Possible problems with insects this year

WINNIPEG, (MarketsFarm) – How problematic insects could be in 2020 across the Prairies largely depends on the spring weather, according to three provincial insect specialists. Be the insects grasshoppers, flea beetles, cutworms, or a few other types, their potential to cause significant damage to Prairie crops will partly depend on how dry and warm this coming spring will be.

Grasshoppers could be quite an issue in some parts of Saskatchewan this year, said James Tansey, specialist, insects/invertebrate pest management for the province. For the vast majority of Saskatchewan, grasshopper numbers should be very light, with some greater numbers in the Estevan area. The Kindersley area is expected to see light to severe populations.

Tansey explained grasshopper nymphs are susceptible to rain drops as well as cooler temperatures that permit bacteria, fungi and viruses.

Manitoba entomologist John Gavloski noted if the spring is dry and warm that increases grasshopper populations, such also boosts the populations of their natural predators. He said bee flies, field crickets and blister beetles like to feed on grasshopper eggs.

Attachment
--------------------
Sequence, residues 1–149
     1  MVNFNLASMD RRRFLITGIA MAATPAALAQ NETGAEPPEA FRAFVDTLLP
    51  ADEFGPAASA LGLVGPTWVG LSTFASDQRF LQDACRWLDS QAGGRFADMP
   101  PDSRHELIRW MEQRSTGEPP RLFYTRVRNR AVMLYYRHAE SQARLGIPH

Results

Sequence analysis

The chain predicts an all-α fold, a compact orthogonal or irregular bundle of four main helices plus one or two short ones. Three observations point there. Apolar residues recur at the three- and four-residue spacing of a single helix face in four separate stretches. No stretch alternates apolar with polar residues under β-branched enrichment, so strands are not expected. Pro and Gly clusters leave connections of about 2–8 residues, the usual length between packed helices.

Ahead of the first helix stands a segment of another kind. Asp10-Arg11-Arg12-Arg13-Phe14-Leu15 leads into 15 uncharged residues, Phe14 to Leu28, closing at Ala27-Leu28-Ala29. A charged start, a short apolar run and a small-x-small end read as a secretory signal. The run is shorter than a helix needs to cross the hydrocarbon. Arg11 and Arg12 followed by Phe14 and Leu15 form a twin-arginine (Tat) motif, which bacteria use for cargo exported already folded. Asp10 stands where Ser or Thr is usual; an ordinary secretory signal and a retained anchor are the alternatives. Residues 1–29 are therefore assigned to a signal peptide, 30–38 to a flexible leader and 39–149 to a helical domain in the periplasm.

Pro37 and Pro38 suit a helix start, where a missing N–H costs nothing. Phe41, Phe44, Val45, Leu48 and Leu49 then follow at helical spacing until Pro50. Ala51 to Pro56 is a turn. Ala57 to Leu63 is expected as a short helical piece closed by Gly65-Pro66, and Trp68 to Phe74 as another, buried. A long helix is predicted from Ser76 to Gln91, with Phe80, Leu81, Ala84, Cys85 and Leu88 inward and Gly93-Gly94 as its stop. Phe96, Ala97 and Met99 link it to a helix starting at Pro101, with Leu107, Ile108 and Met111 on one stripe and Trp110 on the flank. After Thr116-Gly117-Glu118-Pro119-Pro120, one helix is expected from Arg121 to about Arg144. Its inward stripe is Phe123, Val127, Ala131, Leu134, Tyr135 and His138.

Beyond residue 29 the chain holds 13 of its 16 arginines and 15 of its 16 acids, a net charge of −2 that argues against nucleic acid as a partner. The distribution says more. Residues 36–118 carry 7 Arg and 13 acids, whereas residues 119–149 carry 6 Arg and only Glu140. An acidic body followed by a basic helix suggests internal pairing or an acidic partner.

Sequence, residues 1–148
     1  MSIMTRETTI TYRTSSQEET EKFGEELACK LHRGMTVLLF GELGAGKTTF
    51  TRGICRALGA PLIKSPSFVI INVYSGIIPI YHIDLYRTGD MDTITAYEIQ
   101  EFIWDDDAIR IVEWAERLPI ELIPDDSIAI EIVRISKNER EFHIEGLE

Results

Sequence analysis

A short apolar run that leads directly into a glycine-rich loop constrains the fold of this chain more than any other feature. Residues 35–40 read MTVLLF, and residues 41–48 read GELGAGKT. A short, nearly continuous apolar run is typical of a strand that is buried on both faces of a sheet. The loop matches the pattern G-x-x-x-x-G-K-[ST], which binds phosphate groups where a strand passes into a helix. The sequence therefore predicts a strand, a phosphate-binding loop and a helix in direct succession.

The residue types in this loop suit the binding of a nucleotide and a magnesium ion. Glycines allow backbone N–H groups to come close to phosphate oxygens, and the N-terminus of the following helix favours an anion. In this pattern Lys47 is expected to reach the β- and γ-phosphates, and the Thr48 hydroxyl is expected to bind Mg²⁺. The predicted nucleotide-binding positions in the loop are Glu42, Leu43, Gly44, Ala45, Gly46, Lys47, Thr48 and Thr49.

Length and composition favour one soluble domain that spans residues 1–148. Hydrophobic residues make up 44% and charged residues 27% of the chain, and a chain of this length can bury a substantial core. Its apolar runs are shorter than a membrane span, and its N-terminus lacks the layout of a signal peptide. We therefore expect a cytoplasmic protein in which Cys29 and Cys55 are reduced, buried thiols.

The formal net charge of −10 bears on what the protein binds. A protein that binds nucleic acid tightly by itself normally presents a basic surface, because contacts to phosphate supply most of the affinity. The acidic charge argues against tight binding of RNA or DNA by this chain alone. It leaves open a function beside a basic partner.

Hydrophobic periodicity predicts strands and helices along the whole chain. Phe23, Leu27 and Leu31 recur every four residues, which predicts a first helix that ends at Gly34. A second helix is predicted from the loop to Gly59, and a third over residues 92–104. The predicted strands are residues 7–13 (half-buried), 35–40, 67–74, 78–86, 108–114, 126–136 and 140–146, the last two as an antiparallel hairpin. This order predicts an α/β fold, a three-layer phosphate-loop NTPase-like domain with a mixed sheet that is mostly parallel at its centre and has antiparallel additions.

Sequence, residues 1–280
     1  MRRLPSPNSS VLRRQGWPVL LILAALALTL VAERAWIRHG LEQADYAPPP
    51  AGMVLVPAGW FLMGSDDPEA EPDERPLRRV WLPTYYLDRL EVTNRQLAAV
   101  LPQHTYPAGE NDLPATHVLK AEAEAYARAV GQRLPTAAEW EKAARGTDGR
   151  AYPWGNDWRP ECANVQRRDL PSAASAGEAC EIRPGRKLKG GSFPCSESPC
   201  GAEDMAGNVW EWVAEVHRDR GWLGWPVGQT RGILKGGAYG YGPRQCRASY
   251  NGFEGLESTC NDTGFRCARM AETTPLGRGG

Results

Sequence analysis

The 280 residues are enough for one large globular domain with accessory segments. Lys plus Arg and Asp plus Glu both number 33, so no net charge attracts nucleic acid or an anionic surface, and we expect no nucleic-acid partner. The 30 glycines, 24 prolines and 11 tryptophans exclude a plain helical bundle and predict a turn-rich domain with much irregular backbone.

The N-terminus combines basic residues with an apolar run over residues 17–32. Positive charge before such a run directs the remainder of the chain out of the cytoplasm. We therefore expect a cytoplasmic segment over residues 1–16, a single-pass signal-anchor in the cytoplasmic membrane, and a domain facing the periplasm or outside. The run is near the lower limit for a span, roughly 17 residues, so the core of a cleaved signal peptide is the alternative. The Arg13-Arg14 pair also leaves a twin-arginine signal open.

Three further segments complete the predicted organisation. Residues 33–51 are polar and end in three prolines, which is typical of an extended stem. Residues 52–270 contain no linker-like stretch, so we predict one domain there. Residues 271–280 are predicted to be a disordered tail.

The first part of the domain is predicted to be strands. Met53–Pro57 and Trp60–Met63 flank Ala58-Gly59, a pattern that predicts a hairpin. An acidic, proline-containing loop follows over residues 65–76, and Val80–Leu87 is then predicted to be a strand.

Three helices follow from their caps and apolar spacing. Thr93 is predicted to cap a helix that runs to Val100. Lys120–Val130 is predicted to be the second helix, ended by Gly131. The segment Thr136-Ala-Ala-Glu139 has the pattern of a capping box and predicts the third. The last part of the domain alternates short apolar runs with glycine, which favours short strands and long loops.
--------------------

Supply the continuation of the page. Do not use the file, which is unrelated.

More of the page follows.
“Weather and natural enemies will be the two things capable of reducing levels,” Gavloski commented.

Manitoba is looking at higher grasshopper populations in the Arborg area in the Interlake plus the Brandon to Russell area in the western part of the province.

Alberta entomologist Scott Meers pointed to southern Alberta most likely to have problems later this year with grasshoppers, especially in the south-central and southwest areas. He added the Peace River region well to the north may also see increased numbers.

As for flea beetles, Meers said the insects have been a problem in Alberta for the last two years and “no reason why they wouldn’t be a problem in 2020.”

If winter should continue to be cold with poor snow cover, he said that could help to bring down their numbers.

Gavloski noted flea beetles caused significant issues in 2019 for Manitoba farmers, and too the beetles’ effect on this year’s crops will be dependent on how well they overwinter.

“I encourage farmers and agronomists to be out early with their crop scouting,” he said.

Tansey commented that Saskatchewan doesn’t monitor flea beetles and there two naturalized species: the crucifer flea beetle and the striped flea beetle.

Tansey also noted that two types of weevils have been problems in the past in the province: the pea-leaf weevil and the cabbage seedpod weevil. Although both weevil types have diminished in numbers, but he stressed they are spreading to the north and east into Manitoba.

When it comes to cutworms, Meers said Alberta doesn’t monitor them and there are always cutworms somewhere in Alberta. Also, Gavloski again emphasized the need for early scouting.

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